But it was not to be.

First, Judas came to us one windy evening, with a crowd carrying torches and swords. He gave Jesus a kiss…a kiss! The sign of friendship. Of family. Then he smiled, even as the soldiers grabbed Jesus’ hands and bound them with twine, and marched him down the hill into the dark city. How could things have gone so terribly wrong?

Next the priesthood refused to listen to Jesus…or see his vision of a better world. They spit on him. They called him a blasphemer of God. They had their own vision of the world, where they were the leaders of tradition and religion…and everyone else had to get in line and follow. Carbon copies following carbon copies, empty lives begetting empty lives. How could they be so blind?

Finally, the soldiers crucified Jesus. They never heard him talk about helping others, even if they were one’s enemies. They never heard him talk about respecting those who are different. They only saw their job as enforcing submission, breaking the backs of people in service to Rome. They had no vision. They saw no light. How could they love the world as it is?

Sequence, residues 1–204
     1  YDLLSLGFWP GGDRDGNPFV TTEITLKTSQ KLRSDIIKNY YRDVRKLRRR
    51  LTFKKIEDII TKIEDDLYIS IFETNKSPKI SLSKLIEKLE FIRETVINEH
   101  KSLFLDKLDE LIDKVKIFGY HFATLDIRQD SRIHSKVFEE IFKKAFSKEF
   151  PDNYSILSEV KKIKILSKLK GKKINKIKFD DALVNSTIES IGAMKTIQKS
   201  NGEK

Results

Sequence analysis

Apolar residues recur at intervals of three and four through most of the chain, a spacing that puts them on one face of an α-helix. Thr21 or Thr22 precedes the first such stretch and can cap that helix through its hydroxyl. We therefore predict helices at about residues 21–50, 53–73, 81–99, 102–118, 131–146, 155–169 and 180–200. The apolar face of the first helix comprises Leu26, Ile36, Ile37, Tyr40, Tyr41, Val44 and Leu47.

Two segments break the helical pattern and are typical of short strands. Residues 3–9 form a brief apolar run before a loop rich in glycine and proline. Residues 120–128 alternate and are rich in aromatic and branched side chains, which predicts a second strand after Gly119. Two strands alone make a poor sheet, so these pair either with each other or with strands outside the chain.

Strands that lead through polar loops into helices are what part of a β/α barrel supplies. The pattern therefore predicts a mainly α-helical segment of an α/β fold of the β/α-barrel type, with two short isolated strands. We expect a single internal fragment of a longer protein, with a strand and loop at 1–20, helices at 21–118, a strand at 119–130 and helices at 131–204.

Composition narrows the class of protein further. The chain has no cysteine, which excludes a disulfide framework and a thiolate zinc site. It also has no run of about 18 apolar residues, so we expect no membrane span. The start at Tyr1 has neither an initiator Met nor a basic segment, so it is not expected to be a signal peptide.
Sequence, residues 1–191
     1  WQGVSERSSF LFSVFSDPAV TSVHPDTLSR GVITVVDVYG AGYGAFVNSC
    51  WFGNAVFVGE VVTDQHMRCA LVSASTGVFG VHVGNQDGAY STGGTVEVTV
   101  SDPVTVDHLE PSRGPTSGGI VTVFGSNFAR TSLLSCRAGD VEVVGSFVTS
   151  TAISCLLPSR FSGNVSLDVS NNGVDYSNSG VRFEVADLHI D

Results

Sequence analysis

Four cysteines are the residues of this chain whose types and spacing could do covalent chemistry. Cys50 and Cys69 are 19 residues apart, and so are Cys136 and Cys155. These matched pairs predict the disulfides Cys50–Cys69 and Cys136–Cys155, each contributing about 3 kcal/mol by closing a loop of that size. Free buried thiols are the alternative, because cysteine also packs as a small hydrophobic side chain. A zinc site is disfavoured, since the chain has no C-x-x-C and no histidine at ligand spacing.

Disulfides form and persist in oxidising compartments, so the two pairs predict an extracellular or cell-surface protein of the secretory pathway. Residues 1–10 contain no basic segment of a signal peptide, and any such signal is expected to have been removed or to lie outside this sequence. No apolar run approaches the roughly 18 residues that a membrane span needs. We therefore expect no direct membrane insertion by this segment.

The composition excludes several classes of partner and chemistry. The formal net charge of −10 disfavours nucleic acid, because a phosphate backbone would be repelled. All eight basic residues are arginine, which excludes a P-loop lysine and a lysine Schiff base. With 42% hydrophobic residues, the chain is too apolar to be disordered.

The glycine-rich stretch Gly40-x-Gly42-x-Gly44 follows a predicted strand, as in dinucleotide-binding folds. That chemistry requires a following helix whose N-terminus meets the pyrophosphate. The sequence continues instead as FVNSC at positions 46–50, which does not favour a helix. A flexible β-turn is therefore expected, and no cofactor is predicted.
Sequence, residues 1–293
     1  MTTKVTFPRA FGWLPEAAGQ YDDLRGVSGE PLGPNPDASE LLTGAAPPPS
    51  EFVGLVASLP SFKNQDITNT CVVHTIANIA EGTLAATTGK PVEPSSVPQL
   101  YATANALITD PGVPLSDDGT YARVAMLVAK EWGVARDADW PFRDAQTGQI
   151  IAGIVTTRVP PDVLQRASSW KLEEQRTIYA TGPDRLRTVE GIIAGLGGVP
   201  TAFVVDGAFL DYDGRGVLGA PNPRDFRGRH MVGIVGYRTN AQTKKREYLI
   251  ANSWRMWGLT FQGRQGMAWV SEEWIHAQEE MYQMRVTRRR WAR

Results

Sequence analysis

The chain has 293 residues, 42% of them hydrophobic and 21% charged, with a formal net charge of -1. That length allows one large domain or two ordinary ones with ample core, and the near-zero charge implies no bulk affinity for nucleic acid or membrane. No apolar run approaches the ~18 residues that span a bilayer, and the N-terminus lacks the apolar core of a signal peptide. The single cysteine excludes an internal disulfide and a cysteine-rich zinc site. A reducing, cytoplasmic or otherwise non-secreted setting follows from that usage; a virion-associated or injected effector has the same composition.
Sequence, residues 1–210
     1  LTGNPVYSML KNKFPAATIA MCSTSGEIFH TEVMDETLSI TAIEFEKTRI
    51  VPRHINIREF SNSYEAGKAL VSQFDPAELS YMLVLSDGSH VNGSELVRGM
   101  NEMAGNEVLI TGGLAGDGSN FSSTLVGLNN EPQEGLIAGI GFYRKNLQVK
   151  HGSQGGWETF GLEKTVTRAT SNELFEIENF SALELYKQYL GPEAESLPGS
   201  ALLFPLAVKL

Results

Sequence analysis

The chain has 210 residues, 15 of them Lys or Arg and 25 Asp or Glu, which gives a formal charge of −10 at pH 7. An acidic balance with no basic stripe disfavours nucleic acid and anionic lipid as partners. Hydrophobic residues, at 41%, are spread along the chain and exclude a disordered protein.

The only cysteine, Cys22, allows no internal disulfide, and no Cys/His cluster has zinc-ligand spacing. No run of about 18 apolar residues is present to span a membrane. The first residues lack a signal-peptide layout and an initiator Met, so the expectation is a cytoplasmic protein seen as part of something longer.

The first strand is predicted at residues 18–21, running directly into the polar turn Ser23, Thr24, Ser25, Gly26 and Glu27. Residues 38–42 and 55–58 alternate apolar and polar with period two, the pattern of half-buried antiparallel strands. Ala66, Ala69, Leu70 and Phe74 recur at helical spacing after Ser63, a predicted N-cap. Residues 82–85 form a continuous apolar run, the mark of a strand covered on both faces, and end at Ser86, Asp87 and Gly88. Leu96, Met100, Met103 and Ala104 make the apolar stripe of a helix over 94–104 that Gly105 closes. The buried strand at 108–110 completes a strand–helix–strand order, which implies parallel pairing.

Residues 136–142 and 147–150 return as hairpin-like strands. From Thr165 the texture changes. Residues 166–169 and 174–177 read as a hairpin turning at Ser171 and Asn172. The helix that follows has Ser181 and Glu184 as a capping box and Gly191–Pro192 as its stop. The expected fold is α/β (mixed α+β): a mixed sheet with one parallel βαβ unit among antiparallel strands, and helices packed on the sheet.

And then he died.

Now, here I am, an old man with a failed vision and no friends. I jump at noises, fearing betrayal, sure that soldiers will come for me next. My hope is gone. Like a desert wilderness, full of dust and blowing sand…traveling the path to Emmaus, not because I want anything there, but only that it is far from Jerusalem.

That was when a stranger turned onto our path. We saw him from a distance, the same choking dust billowing up behind his steps. He was slower than us, and so we eventually caught up with him. In the desert, talking is the only thing that keeps you occupied, keeps you sane. And so we talked about the weather…and the day…and we shared our water…and we raised more dust…and the sun began to set…and we came to the inn in Emmaus.